I want to make platformer game that would be sort of like megaman. I'm using SFML library for it. I have a problem with creating a map. Should I hardcode every single platform, add it colliders and so on? I've heard that 2d array of segments would be better, but I would still have to manually fil an array that's like 1000x1000 segments. Is there an easier way to approach this?

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    \$\begingroup\$ The question you have is a very generic. The best way to get more responses is to dot point all the considerations you have about your intended platformer. Try to limit your general question, if you state I have X problem and I have Y and Z options I am exploring, then people can more easily guide you through other considerations. You won't get a direct answer, but you will get more guidance if you are looking for advice on how research and grow your learning. \$\endgroup\$
    – ErnieDingo
    Commented Jun 5, 2018 at 22:16

1 Answer 1


Well it sounds like you should use or make this into a Tile-based platformer Engine. Another really helpful thing to know is if you're using images?

Among a lot of tile-based engines-You should load your images either by making code for your images (listed below) or if you're using image Files some how load each image into a sort of structure like below: (Here's the important part so listen up)

/c/b means color/byte or you could have a number/ /Structure started/ = { c/b, c/b, c/b, c/b, //New line c/b, c/b, c/b, c/b, //New line c/b, c/b, c/b, c/b, //New line c/b, c/b, c/b, c/b, //New line }

Here we have a grid of what (could be bytes or colors or, well it depends) to represent each image.


Either what structure you're using (it doesn't matter) Loading the images into a special structure where it is easier to process collision. You could do 2+ things:

1. *sew* all the images/image structures together and actually have them connected some how. (Like a segment structure or an adjacency array) Or some structure where everything can easily build itself while connecting it self 

together; like:

/iteration 1/ - * * * * * * * * * * * * * * -

/iteration 2/ - * * * * * * - * * * * * --*

/iteration .../

Until it is all filled up! (You get the idea) So the it does the work for you. Also while processing collision you could just have everything relate to itself

2. The second option: Don't *sew* everything together and have it fill up by using like an array to copy in the structure you used to represent the map in. In this state your colliders create themselves.

And of course you could use a similar structure to represent the map as the image. I recommend you branch off of my ideas somehow to suit your needs. While you could use option #1 (preferably).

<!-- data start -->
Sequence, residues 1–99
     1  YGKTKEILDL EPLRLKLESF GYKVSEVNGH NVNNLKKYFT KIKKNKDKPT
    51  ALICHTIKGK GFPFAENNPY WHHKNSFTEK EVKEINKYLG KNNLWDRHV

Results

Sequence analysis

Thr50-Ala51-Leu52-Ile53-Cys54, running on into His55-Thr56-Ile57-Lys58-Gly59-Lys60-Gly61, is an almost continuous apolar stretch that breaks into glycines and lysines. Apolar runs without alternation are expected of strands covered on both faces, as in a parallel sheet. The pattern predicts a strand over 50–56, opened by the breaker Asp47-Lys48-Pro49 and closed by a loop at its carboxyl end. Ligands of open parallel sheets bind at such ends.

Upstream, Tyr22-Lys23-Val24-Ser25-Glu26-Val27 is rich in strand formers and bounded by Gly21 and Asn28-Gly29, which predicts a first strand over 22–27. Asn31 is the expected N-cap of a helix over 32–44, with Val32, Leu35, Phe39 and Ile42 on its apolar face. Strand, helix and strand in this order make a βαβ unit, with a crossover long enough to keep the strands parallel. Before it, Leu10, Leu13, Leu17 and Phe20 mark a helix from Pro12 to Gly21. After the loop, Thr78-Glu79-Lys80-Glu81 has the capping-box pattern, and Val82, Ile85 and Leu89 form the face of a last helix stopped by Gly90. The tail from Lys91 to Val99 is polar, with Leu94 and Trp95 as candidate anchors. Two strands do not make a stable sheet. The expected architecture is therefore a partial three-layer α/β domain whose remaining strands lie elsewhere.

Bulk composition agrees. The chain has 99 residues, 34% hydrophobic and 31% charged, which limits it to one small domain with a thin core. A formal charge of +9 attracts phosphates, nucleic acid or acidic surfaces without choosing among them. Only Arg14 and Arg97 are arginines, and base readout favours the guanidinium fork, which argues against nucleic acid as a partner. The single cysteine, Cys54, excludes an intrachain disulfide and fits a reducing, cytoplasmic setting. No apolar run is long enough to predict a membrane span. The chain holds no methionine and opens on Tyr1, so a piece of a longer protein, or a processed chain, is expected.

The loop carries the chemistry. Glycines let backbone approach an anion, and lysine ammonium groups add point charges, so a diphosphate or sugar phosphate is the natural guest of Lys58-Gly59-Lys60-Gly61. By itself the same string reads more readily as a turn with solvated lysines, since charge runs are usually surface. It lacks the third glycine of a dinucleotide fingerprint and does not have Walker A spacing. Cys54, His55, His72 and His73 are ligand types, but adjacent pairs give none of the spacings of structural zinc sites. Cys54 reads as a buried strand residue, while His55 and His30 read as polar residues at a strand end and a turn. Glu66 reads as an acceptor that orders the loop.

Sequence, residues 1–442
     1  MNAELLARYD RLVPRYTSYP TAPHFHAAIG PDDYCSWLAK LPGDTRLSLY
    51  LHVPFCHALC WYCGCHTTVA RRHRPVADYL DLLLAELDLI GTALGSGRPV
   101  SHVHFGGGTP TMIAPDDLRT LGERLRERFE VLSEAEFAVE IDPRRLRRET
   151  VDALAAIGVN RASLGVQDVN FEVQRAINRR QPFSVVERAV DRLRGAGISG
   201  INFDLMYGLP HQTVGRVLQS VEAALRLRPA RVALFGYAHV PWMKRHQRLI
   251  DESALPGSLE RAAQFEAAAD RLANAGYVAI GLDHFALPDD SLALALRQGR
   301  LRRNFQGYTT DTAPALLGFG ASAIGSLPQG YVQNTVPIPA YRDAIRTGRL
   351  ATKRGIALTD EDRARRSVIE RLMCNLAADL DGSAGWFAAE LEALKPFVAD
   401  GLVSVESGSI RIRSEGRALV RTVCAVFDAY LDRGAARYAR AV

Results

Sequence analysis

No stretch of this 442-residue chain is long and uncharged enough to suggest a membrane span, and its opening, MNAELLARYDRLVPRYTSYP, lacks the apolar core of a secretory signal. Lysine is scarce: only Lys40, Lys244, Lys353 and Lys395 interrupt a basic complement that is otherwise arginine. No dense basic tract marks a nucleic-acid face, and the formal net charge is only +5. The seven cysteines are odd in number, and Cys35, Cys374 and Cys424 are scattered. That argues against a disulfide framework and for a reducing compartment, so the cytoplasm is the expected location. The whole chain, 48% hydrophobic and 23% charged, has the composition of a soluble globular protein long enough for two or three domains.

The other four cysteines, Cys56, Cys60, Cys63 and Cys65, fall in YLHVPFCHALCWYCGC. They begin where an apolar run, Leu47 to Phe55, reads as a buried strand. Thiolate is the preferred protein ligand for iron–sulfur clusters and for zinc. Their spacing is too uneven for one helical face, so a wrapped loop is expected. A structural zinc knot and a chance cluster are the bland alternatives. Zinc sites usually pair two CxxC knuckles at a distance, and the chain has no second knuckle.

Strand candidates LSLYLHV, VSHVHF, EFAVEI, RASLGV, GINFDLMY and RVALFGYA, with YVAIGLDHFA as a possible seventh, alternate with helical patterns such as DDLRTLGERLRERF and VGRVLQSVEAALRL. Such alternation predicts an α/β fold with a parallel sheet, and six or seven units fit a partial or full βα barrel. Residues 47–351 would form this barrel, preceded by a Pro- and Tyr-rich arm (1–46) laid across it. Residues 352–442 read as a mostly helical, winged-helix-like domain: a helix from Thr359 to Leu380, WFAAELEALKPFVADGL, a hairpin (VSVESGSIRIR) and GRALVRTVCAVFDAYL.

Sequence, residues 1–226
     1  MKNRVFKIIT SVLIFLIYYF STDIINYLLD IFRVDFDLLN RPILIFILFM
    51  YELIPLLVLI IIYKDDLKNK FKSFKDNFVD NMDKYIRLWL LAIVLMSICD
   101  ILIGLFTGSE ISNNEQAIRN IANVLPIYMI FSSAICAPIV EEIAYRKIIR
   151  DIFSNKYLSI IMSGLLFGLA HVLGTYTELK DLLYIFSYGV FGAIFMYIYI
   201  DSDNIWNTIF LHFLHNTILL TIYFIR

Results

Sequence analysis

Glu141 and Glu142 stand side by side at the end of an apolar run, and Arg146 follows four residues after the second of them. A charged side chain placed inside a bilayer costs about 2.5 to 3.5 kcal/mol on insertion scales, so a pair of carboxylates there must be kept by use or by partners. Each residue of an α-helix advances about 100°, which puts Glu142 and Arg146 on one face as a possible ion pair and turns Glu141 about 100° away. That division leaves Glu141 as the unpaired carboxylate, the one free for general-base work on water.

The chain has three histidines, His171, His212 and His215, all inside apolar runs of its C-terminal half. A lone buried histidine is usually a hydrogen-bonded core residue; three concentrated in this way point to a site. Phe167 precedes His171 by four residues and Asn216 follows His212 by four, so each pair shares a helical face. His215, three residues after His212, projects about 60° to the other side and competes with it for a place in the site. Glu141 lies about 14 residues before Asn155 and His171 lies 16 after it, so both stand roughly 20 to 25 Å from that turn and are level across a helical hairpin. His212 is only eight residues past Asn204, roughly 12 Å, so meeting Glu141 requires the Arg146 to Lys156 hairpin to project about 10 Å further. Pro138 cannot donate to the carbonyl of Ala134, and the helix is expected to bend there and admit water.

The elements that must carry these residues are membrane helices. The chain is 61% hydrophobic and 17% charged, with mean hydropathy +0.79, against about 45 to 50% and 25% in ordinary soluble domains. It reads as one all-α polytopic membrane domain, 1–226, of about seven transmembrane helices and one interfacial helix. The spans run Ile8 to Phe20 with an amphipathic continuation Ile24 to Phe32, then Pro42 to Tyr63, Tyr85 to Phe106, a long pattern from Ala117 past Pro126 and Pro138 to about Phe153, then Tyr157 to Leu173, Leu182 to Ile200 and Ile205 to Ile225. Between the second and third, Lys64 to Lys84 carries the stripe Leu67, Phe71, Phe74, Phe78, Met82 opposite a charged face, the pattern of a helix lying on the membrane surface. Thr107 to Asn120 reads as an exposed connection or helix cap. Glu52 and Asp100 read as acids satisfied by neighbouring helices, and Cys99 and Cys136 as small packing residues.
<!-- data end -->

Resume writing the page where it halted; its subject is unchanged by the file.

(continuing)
Relating the data together

And of course in a more direct state sort of sense. No don't be hardcoring parameters.

Make a structure for your images to be turned into something to go in like a [option #2 gameObject or as in option #1 just put it directly in your world structure]! That would be easily processed by collision handlers.

Make sure you have multiple layers for your game to work in. Segment/Array and under that all images stitched together into one big image!

Now with multiple images together (Unless you want to directly work with the images) while creating the code for that remember to store the image coordinates in an array (Called imgStorage) so you can create the top layer.

Referencing Objects

You could use that method to also get data from that imgStorage array and also to add bounding boxes (to the world structure) so you could put extra code in to help you represent/stitch/reference for your collision.

Now with everything in mind it's time to piece it all together!

  • You have your images imported with their data in their structure(s).
  • You have your grid/data/array to tell where to put the images/game objects.
  • Your images have gotten (and put) their parameters in imgStorage!
  • (Optionally) You made the image layer (piece together the images) backing the level(s)!
  • You've built your World structure (in part) by using the structure where
  • You've set you're bounding boxes imgStorage in their (image data/game object place) or structure where it needs to go
  • You've added extra references for bounding boxes to tell them they can collide and told them whether they are "static" or "dynamic"

That's it, all you need now is to put in the collision code the operates on the images...

And then you're done! I hope this helps!


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